I was quite taken by the work of photographer Daniel Jenkins when I came across it and emailed him a Q&A for a bit of an insight into his practice. Here is his response starting with his introduction.
**CONTAINS SOME NUDITY**
Daniel Jenkins: I wrote something similar to this for Ewan Bell’s ‘digital photography’ magazine a few months back.. I tend to get a bit cheeky and, well, up myself when it comes to questions that many readers expect a conservative answer from. Not that I think this interview is like that… you’ve seen my pictures…! I do a lot of interviewing for my ‘job’ video doco work and have to often ask questions I already know the answers to just so I can get the words from the subject’s mouth, not my imagination. And sometimes some questions are just plain stupid but with a purpose and I get a great response from those. So I’ll be frank, candid and answer from my personal give-a-shit point of view as I often do for lists. I find general readership happy to accept mediocrity as the new black. I hope yours is different.
I take what I do in the studio very seriously, almost always work with the underdog equipment… good gear but not mainstream penis envy machinery because, having come from film and ASA 27 film at that I go back a good way and know from experience and my great-grandfather, grandfather and father, all photographers, that the camera has very little to do with the picture except get the image onto some kind of holding medium… even if I do know all the rules and have a head full of information that all gets put to use in an instant, unlike most of the over-monied big-gunned de-suited weekend warriors on chat forums with science-perfect knowledge of cameras and lenses they’ve never had access to… so my attitude is very much like that of my familial predecessors.
and while I’m a whiz at photobloodyshop I don’t use it to make my images what they are. If you go back to my carbonmade page and read the pdf about my 2010 exhibition it will explain how I use traditional darkroom techniques we create in the 60s and 70s for image special effects (photo-textured orthographic film acetate overlays) to acquire my textures, not photoshop. Photoshop is just the delivery medium. The pictures are made with layers in ‘real time’ of texture-printed acetate on top of acetate prints and backlit on a huge lightbox and re-photographed. Then spat out in… or through.. photoshop because the printer likes it. I’m 65 and have had a camera of some sort in my hands since I was 9 years old back in the deep south of the US. I’m used to doing it the hard way. I still have my orig 1956 box brownie, my great grandfather’s Leica III (F) that he used when he retired from 11×14 sheet field work in the wild west of the US, my grandfather’s M3 happy snap camera when he wasn’t shooting his Speed 4×5 (which I also have) for his photo-journalist job in the US Prohibition days and the Fed-S I used for ‘work’ in the 70s in germany… amongst others. I’m such a camera nerd.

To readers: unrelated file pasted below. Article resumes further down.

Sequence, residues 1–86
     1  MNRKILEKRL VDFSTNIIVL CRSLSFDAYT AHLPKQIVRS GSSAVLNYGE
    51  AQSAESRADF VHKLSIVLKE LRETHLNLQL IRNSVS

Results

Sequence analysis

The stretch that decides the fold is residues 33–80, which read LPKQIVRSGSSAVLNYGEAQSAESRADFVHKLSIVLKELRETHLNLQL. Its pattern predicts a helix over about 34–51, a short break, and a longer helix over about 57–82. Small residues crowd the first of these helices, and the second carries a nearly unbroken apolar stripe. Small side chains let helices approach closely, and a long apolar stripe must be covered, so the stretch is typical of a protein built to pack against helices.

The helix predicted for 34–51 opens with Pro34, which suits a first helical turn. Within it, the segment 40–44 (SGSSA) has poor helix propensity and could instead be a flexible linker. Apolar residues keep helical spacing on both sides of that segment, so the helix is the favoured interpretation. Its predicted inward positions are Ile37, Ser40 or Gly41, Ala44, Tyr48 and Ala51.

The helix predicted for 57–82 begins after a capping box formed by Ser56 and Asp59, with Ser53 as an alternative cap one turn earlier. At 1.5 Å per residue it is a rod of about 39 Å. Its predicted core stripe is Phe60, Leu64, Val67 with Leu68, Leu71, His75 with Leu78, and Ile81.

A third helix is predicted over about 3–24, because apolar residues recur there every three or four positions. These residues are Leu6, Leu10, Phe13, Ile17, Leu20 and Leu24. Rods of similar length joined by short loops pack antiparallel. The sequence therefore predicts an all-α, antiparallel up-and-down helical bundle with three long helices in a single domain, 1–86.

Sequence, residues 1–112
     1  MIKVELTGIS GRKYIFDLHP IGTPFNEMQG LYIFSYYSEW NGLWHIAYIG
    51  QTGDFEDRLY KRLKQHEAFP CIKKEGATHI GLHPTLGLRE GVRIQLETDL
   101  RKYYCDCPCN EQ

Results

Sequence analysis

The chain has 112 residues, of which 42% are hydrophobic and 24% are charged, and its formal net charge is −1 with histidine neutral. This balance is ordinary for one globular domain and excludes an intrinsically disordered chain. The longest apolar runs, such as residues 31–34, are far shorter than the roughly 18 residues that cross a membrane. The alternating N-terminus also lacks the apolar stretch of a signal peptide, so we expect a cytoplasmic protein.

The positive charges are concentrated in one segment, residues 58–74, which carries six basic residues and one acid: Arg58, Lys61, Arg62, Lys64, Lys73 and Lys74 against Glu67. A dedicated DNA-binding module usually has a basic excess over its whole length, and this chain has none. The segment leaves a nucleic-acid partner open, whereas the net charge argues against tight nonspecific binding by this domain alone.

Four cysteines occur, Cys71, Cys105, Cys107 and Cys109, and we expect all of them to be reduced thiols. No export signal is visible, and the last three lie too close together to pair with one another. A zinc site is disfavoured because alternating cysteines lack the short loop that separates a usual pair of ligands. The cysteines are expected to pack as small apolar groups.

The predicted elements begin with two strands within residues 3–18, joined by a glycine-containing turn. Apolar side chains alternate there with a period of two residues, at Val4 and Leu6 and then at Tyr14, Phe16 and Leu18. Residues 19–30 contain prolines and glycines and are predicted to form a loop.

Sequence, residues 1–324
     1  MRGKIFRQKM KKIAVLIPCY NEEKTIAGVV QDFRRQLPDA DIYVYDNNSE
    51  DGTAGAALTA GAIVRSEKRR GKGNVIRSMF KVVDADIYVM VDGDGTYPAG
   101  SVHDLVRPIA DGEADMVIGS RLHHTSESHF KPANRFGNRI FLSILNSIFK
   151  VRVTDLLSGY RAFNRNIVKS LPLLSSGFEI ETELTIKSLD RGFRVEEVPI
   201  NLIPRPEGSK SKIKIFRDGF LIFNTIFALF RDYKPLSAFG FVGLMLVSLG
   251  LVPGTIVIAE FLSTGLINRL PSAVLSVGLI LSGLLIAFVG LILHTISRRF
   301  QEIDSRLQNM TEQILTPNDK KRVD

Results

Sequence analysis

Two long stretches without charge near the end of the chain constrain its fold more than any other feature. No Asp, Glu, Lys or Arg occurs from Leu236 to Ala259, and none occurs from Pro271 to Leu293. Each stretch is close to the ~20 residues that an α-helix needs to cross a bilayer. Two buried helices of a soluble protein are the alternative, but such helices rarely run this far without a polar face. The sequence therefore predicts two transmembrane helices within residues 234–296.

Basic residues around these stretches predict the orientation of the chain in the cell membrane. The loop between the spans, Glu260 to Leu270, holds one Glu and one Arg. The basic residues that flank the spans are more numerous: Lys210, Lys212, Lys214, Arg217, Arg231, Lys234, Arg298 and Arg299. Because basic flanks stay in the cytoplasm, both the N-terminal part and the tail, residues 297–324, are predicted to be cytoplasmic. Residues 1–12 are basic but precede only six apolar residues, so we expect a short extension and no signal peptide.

Anyway, I will try to do your questions justice and will definitely deal with them seriously. I can be an arrogant asshole at times… Then we can decide on which images do what I want them to do for your site.
Daniel Smith: How would you describe your photography to somebody who had not seen it before?
DJ: Right. Well, firstly, why do I have to..? but ok… my style of work is popular in Europe and especially in the former eastern Europe amongst a breed of image makers self –anointed as ‘narrative photographers.’ Not doco, not street, but studio constructed image makers. Images that tell a story and keep the viewer engaged in the photograph always looking for ‘more.’ Usually because there is… sometimes these images are just too much hard work for many viewers because they don’t tow a linear subject line. I use nudes because they are often not meant to be in my pictures… so I make them part of the dichotomies I compose. I can spend weeks making a set and I will shoot maybe fifteen frames for half an hour and send the model packing. I pretty much only ever shoot nudes, have done since art school in the late 60s and right through to this weekend… and onwards. I just like using the figure in places other’s wouldn’t know how. I have a bizarre imagination and rarely think in a linear manner.
DS: When did you fist start in photography?
DJ: 1956, I was 9 years old. I had a brand new box brownie, used to lie in the back yard and take pictures of clouds. When my mum passed 25 years after my dad, in 2006, I cleared out the attic (in the US, south Carolina) and found all those cloud photos. They had kept them, would have been a hundred or more, all shot on Pan-F 120 roll film. Then I went on a did some shooting in high school in germany for the school paper, etc, my own stuff and then I did a degree at uni (in the us, Georgia Southern University), finished in 1970. from there I went on to work as a doco photographer in the race riots and pre-integration of schools in Georgia until 1975, then back to germany in 1977 after two years teaching in an art school in texas. In germany the second time I worked for the allied forces as a civilian photographic information consultant often on the side of the border not considered the west. This is when I used the Fed-S as well as my grandfather’s M3. silent.
As kids my brother and I were woken up each morning by our dad and told how to dress for school by one simple expression. ‘today’s a 3.5 day, boys…’ ‘today’s an f11 day, boys..’ my brother and I still use that expression. We had the ‘Sunny 16’ rule beat into us, practically… we ‘know’ light.
DS: Who or what inspires you?
DJ: Risk. And controversy.
DS: How do your ideas and concepts take shape and evolve?
DJ: I just taught a workshop to six keen budding mature age photographers out here where I live, yesterday. I talked a lot about how instinct and understanding are used to determine in an instant the right composition of an image, the settings in the camera if not pre-set before I go out to shoot (which I always do…) and how to make decisions that can be resolved in the camera with one frame… full frame with no allowance for cropping. I hate landscapes so I shoot them as a ‘cleansing’ exercise… mainly to cover my karma-loving ass. I don’t do ‘pretty.’ But I have… for a job. Studio glam for nearly14years but never shot a wedding (ptui ptui) and never will.